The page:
EU urges Russia, Iran, Turkey to deliver on Syria promises

EU urges Russia, Iran, Turkey to deliver on Syria promises
The Associated Press

BRUSSELS (AP) — The European Union on Wednesday called on Russia, Iran and Turkey to ensure a halt to fighting in Syria, as international donors gathered in Brussels to drum up aid for the conflict-ravaged country.

As the conflict enters its eighth year, more than 13 million Syrians are in need of humanitarian assistance. Over 5 million refugees are displaced outside the country.

EU foreign policy chief Federica Mogherini said that Russia, Iran and Turkey have a “special responsibility” to establish a cease-fire and to press Syrian President Bashar Assad to return to the negotiating table.

“We are seeing an escalation in military activities which is exactly the contrary” to what they promised, Mogherini said.

Around 80 countries, organizations and partners backing Syria are taking part in the donor conference. The EU hopes the meeting will give impetus to stalled peace moves under U.N. auspices, on top of gathering humanitarian aid for Syria and for neighbors like Lebanon and Jordan, struggling to cope with millions of refugees.

The U.N. is seeking more than 7 billion dollars at this conference, even as donors weary of ploughing money into a conflict with no obvious end. German Foreign Minister Heiko Maas said his country will provide 1 billion euros in new funding for 2018 and subsequent years.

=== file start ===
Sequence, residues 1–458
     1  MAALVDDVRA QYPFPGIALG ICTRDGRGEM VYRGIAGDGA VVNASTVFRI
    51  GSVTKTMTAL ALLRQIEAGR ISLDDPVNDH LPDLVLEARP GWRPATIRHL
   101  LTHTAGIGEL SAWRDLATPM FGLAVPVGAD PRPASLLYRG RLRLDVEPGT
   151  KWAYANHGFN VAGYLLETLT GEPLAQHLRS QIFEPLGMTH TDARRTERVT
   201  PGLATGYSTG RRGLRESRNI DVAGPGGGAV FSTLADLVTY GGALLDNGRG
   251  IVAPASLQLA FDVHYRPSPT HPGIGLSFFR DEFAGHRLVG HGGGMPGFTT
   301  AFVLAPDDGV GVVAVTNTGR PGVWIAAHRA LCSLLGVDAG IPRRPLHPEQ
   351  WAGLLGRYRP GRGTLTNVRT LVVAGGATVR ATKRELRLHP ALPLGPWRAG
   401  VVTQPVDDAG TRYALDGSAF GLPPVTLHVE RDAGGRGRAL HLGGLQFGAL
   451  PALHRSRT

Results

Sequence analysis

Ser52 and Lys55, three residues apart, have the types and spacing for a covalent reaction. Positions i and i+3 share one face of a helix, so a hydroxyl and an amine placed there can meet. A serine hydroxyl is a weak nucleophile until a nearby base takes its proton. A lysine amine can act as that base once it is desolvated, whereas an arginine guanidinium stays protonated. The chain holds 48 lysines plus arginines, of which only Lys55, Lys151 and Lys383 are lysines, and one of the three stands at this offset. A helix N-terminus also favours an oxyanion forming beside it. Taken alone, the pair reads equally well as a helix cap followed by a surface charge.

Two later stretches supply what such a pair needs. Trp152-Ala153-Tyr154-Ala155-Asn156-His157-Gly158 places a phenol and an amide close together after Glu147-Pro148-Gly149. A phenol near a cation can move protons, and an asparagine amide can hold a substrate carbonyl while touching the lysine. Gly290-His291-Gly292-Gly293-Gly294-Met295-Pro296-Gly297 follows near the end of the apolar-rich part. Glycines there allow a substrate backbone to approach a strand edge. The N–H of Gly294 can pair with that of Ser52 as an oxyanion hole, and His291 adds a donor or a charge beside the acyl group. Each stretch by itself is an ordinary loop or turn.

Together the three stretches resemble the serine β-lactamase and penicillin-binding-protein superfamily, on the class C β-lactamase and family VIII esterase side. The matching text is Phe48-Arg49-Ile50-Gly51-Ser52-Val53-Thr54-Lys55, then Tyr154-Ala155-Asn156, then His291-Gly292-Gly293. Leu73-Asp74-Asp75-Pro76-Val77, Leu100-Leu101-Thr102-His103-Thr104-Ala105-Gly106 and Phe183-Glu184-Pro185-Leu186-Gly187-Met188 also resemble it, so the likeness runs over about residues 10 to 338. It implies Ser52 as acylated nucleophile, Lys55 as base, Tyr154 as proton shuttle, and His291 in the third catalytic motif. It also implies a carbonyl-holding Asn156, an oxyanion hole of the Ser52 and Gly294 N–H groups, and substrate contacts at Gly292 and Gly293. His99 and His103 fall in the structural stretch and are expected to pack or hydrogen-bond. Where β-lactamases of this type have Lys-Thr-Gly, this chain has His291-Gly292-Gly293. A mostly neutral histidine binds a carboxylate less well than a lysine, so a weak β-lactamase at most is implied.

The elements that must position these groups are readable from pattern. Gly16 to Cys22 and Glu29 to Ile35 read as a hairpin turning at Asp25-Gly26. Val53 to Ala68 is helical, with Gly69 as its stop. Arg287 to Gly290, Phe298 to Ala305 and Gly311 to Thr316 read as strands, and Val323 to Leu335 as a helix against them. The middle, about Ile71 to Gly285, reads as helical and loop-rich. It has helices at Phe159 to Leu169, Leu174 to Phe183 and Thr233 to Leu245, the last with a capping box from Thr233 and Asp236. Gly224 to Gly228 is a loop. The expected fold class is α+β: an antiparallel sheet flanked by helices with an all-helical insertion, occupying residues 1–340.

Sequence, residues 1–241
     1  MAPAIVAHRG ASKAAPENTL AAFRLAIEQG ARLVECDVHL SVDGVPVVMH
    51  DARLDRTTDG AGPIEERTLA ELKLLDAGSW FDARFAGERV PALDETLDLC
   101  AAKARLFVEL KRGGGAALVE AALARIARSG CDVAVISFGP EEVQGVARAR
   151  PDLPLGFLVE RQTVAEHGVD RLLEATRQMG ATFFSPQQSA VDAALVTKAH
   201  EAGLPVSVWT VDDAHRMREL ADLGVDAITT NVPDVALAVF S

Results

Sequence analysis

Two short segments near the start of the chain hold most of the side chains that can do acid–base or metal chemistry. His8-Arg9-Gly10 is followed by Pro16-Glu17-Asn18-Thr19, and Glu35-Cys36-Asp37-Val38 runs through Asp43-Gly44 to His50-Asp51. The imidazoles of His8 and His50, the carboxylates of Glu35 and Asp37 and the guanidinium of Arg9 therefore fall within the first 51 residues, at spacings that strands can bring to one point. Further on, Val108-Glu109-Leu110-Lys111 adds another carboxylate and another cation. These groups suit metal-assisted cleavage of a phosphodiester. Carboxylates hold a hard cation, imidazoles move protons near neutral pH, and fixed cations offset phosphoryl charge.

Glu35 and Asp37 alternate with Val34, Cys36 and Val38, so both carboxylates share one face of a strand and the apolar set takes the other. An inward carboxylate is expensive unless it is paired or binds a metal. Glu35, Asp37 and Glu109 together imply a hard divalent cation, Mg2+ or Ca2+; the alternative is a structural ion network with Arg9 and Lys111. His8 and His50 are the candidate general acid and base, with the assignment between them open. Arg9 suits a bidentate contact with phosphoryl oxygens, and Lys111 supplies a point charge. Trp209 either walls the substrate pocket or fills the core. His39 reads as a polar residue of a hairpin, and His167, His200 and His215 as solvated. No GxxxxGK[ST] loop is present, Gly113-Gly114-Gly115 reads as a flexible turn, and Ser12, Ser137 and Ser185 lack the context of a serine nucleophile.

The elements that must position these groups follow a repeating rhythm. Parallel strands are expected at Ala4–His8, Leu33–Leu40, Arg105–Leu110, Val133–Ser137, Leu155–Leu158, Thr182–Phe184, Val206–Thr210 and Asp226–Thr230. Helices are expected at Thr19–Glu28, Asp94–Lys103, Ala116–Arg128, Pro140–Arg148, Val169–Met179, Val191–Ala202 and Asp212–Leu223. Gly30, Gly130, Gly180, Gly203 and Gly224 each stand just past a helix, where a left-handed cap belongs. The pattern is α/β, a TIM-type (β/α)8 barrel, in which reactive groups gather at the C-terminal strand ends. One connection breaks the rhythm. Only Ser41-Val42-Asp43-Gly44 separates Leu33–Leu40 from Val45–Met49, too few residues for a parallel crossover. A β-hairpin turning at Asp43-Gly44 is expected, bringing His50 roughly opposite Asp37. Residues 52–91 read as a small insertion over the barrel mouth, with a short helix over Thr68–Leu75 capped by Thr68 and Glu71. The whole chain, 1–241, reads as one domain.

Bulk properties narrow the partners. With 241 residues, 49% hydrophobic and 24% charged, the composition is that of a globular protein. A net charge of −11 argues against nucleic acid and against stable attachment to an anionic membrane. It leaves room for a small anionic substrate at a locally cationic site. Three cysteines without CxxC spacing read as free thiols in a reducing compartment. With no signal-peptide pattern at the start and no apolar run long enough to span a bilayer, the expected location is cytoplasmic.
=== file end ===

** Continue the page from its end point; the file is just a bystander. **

The EU, along with many other partners, refuses to help with serious reconstruction in Syria until meaningful peace moves to end the conflict resume in Geneva.

Lebanese Prime Minister Saad Hariri, who faces elections in two weeks, said the plight of Syrians is simply getting worse.

“The bitter truth is that despite all our combined efforts conditions have deteriorated. Lebanon continues to be a big refugee camp,” he said.

Britain’s State Minister for the Middle East, Alistair Burt, agreed that Syria’s needs are enormous.

“This is the world’s greatest protection crisis. If you look at what’s happened and what’s been done to people — breaches of humanitarian laws, the weakening of multilateral norms that we have seen for a long time — it’s all focusing on Syria,” he said.

“We all know that what we do on a humanitarian basis is only the sticking plaster on the wound. You’ve got to address the wound itself. So we hope that the seriousness of the conflict and the damage that it’s done might be used to further encourage the various parties to get going again.”

Meanwhile, U.N. Syria envoy Staffan De Mistura has warned that the northern, rebel-held province of Idlib could become Syria’s newest humanitarian crisis area.

De Mistura said Tuesday that “Idlib is the big new challenge — 2.5 million people.” He told reporters that “there are women, children, civilians, and this is looming up there.”

De Mistura hoped the donor conference “will be an occasion for also making sure that Idlib doesn’t become the new Aleppo, the new eastern Ghouta, because the dimensions are completely different.”

The Syrian Observatory for Human Rights says 177,000 people have fled combat in eastern Ghouta since February. The rest — including about 12,000 fighters — relocated to Idlib.

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